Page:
Demokratische Republik Laos: Layvanh Phanludeth

The role of women must be accepted in society. They should be encouraged to work for development side by side with men."

— Layvanh Phanludeth

Layvanh Phanludeth was born in 1962 in Pak-ngum, Nakhon Luang, Vientiane. After junior high school, she went into farming, got married and had four children, like other Laotian women. Layvanh has worked to improve the status of women in the community. Joining the Laos Women's Union in 1993, she got involved in social work and community development, which made her see the important roles of women in society. She organized the women in Ban Na Koong into a savings group for emergencies and income generating activities.

After Layvanh Phanludeth joined the Laos Women's Union in 1993, she became active in social issues. In 1998, she was elected chairperson of the Union in her village, after which she became village chief from 1998 to 2000. "The Women's Union works on the most immediate issues, namely, developing ourselves, our families and our society," says Layvanh of her work. In her village of Ban Na Koong, Women's Union members meet every three months to discuss issues concerning family and community development; the roles, rights and duties of women and the promotion of equal rights for women and men. Layvanh’s first project was to persuade her neighbors to set up a savings group where members could tap into a common fund during emergencies or for investing in income generating activities, without having to borrow money from loan sharks. For her commitment and devotion to the work, the members elected her chairperson of the Ban Na Koong Savings Group. Layvanh has introduced many innovations, setting an inspiring example for the community. She was the first to try integrated farming and production of bio-fertilizer for non-chemical farming. Layvanh’s inputs have been very relevant to her farming community, which must survive in an increasingly developmental system. She has helped the villagers realize the importance of self-reliance and organization. At the same time, she has helped push Lao women, who, by tradition, stick to their role as homemakers, to be more aware of the situation and to get involved in the life of the community and the country. "Though we are women, we tolerate no oppression. We want women’s rights. This is the underlying philosophy of my work. The role of women must be accepted in society. They should be encouraged to work for development side by side with men," declares Layvanh.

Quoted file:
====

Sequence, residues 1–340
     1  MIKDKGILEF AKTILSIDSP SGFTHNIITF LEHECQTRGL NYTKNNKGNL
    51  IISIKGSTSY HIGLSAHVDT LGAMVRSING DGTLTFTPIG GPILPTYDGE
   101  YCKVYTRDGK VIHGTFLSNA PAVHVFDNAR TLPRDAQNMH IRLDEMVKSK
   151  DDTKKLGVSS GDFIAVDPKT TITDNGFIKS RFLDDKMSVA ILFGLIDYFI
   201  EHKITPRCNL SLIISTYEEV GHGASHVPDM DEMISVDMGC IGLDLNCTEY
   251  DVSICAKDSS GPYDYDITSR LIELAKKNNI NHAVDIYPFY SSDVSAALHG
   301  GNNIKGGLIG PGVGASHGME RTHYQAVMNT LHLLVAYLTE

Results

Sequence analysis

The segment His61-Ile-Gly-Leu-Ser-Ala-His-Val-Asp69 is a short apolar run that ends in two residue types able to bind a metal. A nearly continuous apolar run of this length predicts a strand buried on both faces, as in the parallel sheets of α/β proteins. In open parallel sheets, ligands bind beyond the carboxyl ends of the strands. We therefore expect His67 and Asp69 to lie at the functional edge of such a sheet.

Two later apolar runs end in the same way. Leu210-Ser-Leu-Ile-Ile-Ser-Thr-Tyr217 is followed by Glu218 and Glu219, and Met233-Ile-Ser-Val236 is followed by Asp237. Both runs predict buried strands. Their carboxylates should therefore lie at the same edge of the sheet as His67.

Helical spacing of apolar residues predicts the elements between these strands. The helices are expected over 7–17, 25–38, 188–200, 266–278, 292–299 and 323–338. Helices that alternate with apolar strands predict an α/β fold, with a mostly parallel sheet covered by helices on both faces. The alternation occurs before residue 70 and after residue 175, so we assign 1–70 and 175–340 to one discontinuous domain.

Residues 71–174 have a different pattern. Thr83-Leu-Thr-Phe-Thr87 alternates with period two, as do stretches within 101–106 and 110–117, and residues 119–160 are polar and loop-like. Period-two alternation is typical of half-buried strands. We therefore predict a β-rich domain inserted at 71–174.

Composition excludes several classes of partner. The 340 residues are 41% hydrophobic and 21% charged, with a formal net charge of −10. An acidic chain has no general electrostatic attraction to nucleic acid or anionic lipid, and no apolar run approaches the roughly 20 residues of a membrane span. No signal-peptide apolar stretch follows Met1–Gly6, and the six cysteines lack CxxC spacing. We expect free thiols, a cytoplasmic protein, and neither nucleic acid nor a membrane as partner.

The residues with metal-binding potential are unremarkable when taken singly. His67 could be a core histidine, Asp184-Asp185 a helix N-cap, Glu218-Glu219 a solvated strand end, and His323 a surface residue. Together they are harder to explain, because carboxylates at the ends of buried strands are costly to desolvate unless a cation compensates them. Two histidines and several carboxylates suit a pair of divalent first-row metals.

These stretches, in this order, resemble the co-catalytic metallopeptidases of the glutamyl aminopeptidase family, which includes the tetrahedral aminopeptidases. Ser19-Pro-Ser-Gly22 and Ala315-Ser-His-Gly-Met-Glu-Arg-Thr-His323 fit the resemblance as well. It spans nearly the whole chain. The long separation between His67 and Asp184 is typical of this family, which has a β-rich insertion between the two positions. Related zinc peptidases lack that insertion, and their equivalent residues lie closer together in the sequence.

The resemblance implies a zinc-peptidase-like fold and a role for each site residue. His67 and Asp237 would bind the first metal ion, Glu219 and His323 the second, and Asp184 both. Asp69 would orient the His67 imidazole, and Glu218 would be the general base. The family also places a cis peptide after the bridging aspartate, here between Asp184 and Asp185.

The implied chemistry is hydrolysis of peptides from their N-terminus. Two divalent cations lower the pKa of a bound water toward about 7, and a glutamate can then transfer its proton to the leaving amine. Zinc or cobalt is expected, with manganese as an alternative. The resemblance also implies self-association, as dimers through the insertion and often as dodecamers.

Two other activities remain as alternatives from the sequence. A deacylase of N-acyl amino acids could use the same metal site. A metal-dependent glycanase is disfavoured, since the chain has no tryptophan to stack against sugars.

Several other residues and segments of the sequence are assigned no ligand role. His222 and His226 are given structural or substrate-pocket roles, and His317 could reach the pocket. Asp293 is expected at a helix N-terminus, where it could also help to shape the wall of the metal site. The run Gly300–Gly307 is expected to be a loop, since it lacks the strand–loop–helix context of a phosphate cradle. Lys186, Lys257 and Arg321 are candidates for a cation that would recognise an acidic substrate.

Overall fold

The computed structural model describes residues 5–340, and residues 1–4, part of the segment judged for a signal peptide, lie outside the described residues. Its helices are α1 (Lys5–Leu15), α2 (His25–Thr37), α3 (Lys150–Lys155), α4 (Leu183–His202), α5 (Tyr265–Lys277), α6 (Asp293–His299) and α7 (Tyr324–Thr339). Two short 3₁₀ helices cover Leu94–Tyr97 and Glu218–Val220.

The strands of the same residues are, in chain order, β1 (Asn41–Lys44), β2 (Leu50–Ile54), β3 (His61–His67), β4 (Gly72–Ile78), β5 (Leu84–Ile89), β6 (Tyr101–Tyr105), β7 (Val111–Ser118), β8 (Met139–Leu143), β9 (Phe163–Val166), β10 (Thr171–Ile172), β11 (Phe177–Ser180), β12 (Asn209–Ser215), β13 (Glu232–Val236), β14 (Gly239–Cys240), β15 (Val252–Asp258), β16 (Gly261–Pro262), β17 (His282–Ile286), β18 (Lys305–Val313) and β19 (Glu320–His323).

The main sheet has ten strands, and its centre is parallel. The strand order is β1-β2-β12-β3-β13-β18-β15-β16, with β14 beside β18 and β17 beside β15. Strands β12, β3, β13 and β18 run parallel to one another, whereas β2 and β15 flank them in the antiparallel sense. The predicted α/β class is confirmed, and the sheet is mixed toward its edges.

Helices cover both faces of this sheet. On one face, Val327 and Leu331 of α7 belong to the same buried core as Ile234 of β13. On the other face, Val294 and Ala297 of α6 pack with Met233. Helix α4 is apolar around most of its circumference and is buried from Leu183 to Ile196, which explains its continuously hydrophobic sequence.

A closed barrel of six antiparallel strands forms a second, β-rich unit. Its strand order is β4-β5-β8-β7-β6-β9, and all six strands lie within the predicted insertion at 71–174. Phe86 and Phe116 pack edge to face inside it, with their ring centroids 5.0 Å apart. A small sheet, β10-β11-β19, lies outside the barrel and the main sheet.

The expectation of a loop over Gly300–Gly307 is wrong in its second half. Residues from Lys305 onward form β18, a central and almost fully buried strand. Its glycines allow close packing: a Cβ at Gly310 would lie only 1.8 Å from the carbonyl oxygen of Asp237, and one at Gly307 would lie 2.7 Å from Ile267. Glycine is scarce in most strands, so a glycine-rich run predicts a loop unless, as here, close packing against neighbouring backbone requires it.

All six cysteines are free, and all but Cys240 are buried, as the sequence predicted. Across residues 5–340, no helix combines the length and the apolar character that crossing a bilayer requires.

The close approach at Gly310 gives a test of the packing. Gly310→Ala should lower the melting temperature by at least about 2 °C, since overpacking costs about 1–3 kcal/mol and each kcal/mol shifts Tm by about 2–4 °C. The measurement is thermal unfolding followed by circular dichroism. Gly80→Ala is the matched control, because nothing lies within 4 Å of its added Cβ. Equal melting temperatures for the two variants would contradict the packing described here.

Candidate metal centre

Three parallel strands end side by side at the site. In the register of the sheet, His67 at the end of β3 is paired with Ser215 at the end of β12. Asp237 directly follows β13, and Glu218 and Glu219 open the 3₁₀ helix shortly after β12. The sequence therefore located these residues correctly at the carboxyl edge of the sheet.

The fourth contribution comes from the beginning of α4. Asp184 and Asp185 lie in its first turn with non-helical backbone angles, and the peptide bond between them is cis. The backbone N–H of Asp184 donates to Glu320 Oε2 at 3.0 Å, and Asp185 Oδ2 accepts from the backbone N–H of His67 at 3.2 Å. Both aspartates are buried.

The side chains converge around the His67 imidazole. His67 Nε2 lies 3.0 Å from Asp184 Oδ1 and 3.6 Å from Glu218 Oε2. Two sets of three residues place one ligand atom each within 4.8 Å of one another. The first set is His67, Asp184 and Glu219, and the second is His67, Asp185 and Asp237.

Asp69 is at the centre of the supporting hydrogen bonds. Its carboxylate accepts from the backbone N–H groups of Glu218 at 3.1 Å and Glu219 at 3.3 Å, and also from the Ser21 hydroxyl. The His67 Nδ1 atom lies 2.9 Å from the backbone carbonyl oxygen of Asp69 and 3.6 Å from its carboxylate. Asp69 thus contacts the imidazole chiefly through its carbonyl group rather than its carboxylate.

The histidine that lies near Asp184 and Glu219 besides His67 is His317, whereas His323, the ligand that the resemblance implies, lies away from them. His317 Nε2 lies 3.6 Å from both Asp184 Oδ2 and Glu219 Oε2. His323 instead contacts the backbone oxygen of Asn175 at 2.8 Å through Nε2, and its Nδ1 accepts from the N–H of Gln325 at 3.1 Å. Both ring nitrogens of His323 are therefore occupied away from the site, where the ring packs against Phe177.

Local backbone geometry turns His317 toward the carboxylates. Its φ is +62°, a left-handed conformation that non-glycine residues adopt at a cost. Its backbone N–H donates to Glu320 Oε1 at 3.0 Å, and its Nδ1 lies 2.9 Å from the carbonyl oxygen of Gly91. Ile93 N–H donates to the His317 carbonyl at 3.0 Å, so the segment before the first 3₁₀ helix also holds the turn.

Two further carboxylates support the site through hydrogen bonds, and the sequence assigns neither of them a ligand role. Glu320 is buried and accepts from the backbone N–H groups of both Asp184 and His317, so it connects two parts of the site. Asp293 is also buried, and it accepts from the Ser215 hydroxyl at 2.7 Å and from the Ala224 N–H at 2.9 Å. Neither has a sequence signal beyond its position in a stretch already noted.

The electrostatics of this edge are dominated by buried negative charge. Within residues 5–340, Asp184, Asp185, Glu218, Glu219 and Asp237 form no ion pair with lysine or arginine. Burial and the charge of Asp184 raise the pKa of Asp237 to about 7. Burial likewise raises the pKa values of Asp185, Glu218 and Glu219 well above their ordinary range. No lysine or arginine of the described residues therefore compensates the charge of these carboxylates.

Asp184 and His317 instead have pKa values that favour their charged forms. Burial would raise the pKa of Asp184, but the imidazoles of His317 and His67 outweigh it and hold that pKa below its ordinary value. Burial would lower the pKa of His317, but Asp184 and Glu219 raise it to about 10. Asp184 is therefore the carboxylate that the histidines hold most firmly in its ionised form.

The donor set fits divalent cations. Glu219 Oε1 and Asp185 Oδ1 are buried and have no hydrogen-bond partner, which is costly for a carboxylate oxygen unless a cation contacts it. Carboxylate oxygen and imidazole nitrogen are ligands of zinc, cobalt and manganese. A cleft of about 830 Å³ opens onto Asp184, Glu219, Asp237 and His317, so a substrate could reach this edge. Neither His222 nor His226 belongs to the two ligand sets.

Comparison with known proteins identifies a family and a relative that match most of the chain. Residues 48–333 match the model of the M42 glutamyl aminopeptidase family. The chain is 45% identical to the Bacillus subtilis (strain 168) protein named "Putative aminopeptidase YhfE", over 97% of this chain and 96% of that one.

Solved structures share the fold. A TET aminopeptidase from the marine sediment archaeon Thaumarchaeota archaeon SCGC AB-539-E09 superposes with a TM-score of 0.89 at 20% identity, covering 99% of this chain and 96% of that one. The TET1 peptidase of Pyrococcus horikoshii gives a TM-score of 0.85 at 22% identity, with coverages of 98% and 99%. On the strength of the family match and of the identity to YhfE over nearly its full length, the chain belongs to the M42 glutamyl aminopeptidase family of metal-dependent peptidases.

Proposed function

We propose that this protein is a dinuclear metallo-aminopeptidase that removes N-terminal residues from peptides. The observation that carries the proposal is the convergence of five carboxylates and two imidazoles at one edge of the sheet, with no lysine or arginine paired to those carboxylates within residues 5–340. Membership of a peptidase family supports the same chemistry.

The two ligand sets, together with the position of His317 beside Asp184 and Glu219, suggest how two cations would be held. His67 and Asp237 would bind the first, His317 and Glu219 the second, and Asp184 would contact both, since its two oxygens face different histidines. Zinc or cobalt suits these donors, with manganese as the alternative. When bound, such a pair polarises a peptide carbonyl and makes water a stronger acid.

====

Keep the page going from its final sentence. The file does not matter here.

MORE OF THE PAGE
Laos Women's Union